Asakusa or Ginza? It's difficult to describe the vibrant city of Tokyo in just a few words, as each district has its own unique characteristics.
For example, if you're looking for an eclectic mix of tradition and modern, Asakusa is the town you want to be in. On the other hand, those craving for some sophisticated entertainment for adults will feel right at home in Ginza. The wide range of diversity in the characteristics of each Tokyo town has captivated the minds and hearts of so many!
Here, we'll be interviewing some non-Japanese residents living around the Asakusa and Ginza districts for their opinions on how livable the two towns are, as well as what sort of shopping or good food one can enjoy there. All comments are personal opinions of the individual.
main image:canyalcin / Shutterstock.com
- Table of Contents
- Convenience: Old Town Asakusa VS Ginza, Global Trendsetter
- Food: Established restaurants and fast food in Asakusa VS Ginza's international cuisine
- Corridor-gai Street Restaurants to Include in Your Bucket List
- Souvenir Shopping at Asakusa's General Stores VS Ginza's Underground Department Stores
- It takes all sorts to make a world, so have fun with them all!
Convenience: Old Town Asakusa VS Ginza, Global Trendsetter
What did our non-Japanese friends love about their chosen towns, and what made them decide to live there?
"The most appealing thing about Asakusa to me is the olden Japanese atmosphere it has," said an Australian man. "The scenery around town is very uniquely Japanese, and many people here dress in traditional kimono as well. Not to mention cultural curiosities like ninja restaurants and such! Just walking around town on any given day can be a fun day of discovery."
What he said is true! Asakusa is a town with a charmingly quaint streetscape, centered around such historic buildings as the well-known Sensō-ji and Nakamise Shopping Street, one of the oldest shopping arcades of Japan. You can definitely get an authentic taste of Japanese culture here.
It's no wonder people are falling head over heels in love with Asakusa's unique appeal. It's not just the old things, though. There's much to love about Asakusa in terms of the new as well.
Explaining further, an American woman said, "I think what I like about Asakusa is how it blends the old with the new together so well. When you walk through the streets of Asakusa, you get a sense of the history it comes with, but once you get near the Skytree, you'll see all these modern facilities like an aquarium, a planetarium, and large commercial malls. The shift in mood and appearance is really abrupt."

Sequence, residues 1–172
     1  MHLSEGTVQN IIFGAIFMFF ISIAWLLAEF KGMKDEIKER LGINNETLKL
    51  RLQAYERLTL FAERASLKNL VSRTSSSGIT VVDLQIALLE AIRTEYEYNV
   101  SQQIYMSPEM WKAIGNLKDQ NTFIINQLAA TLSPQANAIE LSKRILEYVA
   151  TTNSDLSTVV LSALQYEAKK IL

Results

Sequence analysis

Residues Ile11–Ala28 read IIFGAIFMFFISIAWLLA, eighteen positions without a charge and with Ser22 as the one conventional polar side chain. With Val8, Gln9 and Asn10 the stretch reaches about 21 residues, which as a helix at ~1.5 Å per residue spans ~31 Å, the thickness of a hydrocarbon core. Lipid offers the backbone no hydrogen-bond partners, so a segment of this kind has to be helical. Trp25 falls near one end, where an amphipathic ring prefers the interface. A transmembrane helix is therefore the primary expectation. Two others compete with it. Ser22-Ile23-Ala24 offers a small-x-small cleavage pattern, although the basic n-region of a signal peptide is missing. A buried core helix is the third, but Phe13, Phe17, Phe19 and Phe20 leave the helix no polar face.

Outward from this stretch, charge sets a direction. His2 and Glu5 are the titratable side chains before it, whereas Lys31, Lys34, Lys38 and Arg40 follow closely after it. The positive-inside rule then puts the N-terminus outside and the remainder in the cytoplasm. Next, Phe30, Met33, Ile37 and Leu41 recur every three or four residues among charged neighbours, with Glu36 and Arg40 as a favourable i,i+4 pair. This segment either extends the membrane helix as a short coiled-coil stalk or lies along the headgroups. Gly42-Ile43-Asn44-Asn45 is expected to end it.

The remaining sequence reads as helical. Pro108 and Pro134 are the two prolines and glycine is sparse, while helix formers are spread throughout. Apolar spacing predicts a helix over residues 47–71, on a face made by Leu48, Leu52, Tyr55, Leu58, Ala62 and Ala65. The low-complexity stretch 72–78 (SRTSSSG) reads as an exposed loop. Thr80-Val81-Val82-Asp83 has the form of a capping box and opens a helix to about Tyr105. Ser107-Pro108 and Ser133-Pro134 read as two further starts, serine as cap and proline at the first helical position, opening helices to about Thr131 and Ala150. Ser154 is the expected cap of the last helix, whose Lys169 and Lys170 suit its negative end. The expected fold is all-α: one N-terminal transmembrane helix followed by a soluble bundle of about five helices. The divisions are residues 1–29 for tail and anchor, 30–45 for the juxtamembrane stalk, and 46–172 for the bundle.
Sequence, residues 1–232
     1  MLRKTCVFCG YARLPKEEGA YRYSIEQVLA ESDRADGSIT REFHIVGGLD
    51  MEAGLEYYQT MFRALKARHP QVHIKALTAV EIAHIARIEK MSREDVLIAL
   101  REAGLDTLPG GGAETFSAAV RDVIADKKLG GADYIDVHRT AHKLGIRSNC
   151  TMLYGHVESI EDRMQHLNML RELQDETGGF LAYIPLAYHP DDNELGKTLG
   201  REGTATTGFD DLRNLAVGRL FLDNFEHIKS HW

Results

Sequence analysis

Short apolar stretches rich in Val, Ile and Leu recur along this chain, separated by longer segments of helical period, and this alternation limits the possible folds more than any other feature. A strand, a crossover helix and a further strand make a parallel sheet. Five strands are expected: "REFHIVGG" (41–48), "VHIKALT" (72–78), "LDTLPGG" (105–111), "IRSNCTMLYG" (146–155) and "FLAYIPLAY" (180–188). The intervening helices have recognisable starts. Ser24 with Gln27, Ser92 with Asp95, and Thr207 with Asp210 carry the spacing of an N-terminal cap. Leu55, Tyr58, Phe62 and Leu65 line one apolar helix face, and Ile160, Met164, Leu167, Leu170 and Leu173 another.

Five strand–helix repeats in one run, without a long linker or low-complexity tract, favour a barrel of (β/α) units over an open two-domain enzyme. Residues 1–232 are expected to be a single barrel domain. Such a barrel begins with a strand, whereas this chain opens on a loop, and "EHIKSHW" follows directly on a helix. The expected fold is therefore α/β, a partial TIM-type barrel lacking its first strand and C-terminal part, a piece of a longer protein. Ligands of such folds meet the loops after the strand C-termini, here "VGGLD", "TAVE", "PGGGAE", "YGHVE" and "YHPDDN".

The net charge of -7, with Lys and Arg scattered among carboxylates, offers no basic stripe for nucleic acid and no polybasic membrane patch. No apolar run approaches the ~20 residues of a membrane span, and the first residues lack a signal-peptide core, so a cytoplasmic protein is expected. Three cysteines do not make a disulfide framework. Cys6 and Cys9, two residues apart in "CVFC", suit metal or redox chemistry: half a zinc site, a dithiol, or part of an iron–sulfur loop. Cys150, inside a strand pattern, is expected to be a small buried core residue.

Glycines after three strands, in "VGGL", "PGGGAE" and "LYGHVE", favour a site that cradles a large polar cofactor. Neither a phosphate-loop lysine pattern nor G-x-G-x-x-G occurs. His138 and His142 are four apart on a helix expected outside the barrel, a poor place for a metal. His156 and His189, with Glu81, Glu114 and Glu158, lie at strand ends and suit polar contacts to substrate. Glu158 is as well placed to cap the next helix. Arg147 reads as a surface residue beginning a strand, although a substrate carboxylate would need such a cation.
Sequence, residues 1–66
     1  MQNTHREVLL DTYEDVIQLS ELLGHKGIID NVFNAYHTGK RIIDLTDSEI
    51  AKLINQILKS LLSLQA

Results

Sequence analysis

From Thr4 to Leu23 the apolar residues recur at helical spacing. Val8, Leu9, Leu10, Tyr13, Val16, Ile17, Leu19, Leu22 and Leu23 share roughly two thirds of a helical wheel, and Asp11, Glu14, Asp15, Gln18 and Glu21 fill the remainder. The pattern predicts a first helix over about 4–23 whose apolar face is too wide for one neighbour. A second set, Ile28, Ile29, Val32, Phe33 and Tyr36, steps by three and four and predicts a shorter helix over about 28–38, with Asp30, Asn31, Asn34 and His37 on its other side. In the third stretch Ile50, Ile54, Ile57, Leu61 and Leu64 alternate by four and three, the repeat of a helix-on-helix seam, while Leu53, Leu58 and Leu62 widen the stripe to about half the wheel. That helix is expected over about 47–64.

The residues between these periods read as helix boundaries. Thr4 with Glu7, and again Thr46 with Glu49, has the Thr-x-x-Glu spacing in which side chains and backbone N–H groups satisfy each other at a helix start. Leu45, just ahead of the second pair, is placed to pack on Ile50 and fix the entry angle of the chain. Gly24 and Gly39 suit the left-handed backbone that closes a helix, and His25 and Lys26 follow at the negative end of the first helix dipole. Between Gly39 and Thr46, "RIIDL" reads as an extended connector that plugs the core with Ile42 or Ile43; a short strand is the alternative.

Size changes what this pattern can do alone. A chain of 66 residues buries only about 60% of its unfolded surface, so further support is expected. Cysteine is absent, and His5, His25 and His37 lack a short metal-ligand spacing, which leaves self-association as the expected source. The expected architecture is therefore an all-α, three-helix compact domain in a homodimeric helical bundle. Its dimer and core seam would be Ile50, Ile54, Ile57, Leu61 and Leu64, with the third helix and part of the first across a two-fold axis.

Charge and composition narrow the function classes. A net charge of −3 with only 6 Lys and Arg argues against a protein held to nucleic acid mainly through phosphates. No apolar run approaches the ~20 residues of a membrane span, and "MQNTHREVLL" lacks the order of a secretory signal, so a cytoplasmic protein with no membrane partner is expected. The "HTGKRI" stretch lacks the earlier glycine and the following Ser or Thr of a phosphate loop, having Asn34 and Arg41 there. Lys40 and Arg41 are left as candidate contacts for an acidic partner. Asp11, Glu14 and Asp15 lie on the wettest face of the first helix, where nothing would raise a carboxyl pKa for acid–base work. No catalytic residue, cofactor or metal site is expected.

The 634 meters (about 2,080 feet) tall Skytree is the world's tallest freestanding broadcasting tower as of August 2020. At the 350-meter (about 1,148 feet) and 450-meter (about 1,476 feet) marks, there are observation decks that visitors can look out from for a panoramic view of the sprawling metropolis area. At the base of the tower is a commercial facility packed with shops featuring the latest products and technology Tokyo has to offer. Being able to enjoy Japan in its most traditional and futuristic at the same time is one of the most heralded highlights of Asakusa for sure.
As for Ginza, once you step into the area, you can't help but be impressed by the air of elegance it seems to be clad with, due to the high number of fashion boutiques featuring luxury brands from all over the world. This, too, is a unique feature of this town that attracts like-minded people to it.
"The allure of Ginza to me is how sophisticated it feels and how beautiful the town is," remarks a French woman. "Yes, a lot of the shops here sell rather pricey products, but just strolling along the streets doing window shopping here can actually quite fun in itself, too!"
Window shopping among the most fashionable brands of the world does sound like a rather enjoyable activity, indeed! The buildings where you can find these shops are usually built in elaborately designed ways that will attract fashion-lovers as well.
Being able to browse through a good mix of shops featuring the latest trends alongside established and historic shops at the same time is a unique highlight of Ginza that thrill and fascinate many.
"Ginza's appeal is in the large number of tasteful shops and fashionably dressed people," says our Italian interviewee. "Department stores and branded boutiques line the streets, and the roads here turn into a pedestrian's shopping paradise on weekends. All in all, the town has an undeniable air of elegance to it. I haven't mentioned the back streets yet! There's a completely different sort of mood to them, which makes the town even more multifaceted and interesting. The back street facing Showa-Dori Street is especially cool, as there's a large number of traditional-looking shops inside."
The town of Ginza was built on a grid-like pattern, so there are plenty of narrow alleyways between major streets, and some of the stores in these alleyways have been doing business since a very long time ago. Because the rent in Ginza is among the highest in Japan, many of the shops here have limited floor space.
Throughout the years, each shop has had to make do with what they have and as a result, put much effort into designing their shops in a way that would ensure their survival. As such, whatever you see in these alleys is the result of layers upon layers of careful thought and planning. The fact that it has attracted the attention of even foreigners makes it clear how captivating this alternative side of Ginza is as well.
Food: Established restaurants and fast food in Asakusa VS Ginza's international cuisine
Restaurants of Tokyo's old town Asakusa are known for serving up familiar-tasting classic food.